Huh... They Really Are Everywhere: Last week’s Dublin, Ireland, story about the “Minion” character (“They’reEverywhere!” in This is True #1104) is topped only by this week’s. Dublin airport officials confiscated a toddler’s Minion ‘Fart Blaster’ because it’s shaped like a gun, modeled on a weapon used by Minions in the animated film Despicable Me 2. The toy “lights up, makes fart sound effects, and produces a ‘banana-like scent’,” officials noted. Airport security promised to hold the gun and give it back when the familyreturned from holiday. An airport official noted that “Anything that is a replica gun with a trigger mechanism on it is listed as a prohibited item,” and airport security considered it a “threat.” (RC/Dublin Irish News) ...Definitely a threat: if he had shot that on the plane, other passengers would have killed him.
Plus...: How woman works around the anti-drunk-driving Breathalyzer interlock device installed on her car. Aussie politician claims people are making alcohol ...out of Vegemite. The “War on Drugs” gets way out of hand in Texas. McDonald’s says it doesn’t know anything about a Mickey D’s advertising sign ...in the middle of a desert. U.S. Patent Office not concerned that 10,000 employees don’t have supervision, may not be working, and can’t bedisciplined. Woman finds herself a new boyfriend via her son’s Xbox console, and it goes downhill (way downhill!) from there — she may even end up in prison. Woman has to be rescued from charity’s clothing donation box. Landlord prohibits destitute tenants from using food banks (wait... what?!) Every week, the full edition has at least 10 stories. Upgrades start at just $12! See your options here.
Jesus Doesn’t Throw His Money Around — Jesus Saves
Woman Arrested after Telling Police Jesus Would Pay Her Seafood Restaurant Bill
Myrtle Beach (S.C.) Sun News headline
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This Week’s Contributors: MS-Mike Straw, AC-Alexander Cohen, RC-Randy Cassingham.
A Wonderful Little Addition to Alexander’s pilfered obituary story — with Bonus Namefreak! Emily DeBrayda Phillips also had a daughter, and heard about the plagiarism. “This is kind of strange but sweet in a way,” she said. “If my mom’s words made an impact to a stranger’s family in a positive way, and they chose to use it, then that’s, I think, a great honor to my mother. I just would like mymother to be remembered for those words, because they absolutely were hers.” She certainly holds the high ground here, even before I tell you her name: Bonnie Upright.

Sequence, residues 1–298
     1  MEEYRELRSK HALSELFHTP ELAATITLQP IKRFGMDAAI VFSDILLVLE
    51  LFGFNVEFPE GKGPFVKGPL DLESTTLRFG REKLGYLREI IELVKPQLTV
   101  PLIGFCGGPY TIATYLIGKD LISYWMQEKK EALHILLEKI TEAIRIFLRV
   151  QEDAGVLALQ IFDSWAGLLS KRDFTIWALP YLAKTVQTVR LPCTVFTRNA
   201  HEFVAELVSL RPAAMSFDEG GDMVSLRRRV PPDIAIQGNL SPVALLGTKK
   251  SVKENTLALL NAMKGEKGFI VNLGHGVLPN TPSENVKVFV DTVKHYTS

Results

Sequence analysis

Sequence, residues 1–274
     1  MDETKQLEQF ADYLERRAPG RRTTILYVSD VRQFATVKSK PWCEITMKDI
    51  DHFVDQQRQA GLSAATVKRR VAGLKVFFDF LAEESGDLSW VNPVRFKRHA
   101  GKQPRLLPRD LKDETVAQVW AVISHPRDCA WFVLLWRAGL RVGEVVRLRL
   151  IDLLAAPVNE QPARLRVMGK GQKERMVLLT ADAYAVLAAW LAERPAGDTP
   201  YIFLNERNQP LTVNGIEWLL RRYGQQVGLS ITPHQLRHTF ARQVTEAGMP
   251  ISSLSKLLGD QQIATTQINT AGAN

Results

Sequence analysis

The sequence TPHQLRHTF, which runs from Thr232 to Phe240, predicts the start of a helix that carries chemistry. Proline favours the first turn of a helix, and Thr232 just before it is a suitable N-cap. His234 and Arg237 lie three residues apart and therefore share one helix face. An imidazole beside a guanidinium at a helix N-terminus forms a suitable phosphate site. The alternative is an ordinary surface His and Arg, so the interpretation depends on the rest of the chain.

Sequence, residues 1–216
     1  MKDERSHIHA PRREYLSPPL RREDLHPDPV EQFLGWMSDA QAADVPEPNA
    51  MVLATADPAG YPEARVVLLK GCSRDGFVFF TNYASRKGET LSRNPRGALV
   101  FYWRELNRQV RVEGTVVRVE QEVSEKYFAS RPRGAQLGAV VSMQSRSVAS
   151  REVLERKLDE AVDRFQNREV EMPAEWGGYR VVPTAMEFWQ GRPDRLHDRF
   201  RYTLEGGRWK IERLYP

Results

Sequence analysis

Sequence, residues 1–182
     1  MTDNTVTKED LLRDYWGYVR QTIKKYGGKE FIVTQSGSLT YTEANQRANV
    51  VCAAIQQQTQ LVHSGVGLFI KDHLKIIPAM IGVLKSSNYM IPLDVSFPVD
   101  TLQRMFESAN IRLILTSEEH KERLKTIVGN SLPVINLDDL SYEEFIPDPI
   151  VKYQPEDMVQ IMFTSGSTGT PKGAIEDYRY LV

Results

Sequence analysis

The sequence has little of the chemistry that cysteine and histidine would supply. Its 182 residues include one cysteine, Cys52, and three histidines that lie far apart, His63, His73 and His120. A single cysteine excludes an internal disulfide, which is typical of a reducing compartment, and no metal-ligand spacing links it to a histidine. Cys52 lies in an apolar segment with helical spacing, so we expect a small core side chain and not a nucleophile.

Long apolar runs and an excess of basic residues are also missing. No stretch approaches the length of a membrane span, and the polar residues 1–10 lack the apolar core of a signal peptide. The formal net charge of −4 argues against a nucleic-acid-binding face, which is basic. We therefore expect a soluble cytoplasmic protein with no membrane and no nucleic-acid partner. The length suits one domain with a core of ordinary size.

Mike’s Roller Derby Queen Story (hah! “Miss Ida B. ChoAzz” indeed!) absolutely had to be assigned to Mike, because I knew somethingabout his life after retirement from the U.S. Air Force: he’s a roller derby referee. Here he is (photo, right) in action, assigning points to a jammer. Roller derby, Wikipedia says, is played by about 1,250 amateur teams, with slightly over half of those being in the U.S. “Modern roller derby,” they say, “is an international sport dominated by all-female amateur teams, in addition to a growing number of male,co-ed, and junior roller derby teams, and was (as a roller sport) under consideration for the 2020 Summer Olympics.”
It’s a contact sport, so “modern roller derby games are required to be played with EMTs on hand.” I’ve never done a medical standby at a game, but I have for college football, and ...pro rodeo! Yep, Ridgway has a sanctioned professional rodeo every year — one of the few events EMTs here are paid to attend. I tell the EMS chief each year to give the shifts to others, and only assign me if she doesn’t haveenough people. I’d rather the other EMTs get the pay than take the shifts myself, but Kit and I have been called on several times. It’s a pretty fun gig.
Pledge Drive: When in my car, I listen to the only news station I can get in rural Colorado: the local transmitter for Colorado Public Radio. They do those “pledge drives” a lot to cajole listeners to pay for membership to fund their operations. The “typical” (average?) support, they say, is $120/year, but as I was listening to the last one, they were really, really pushing hard for “just a dollar aday” — $365 a year — though at times they were asking for $100/month — $1,200 a year. My wife and I do support the Colorado NPR operation, because we do listen to them. But no, we don’t toss them $100/month, or even “a dollar a day”....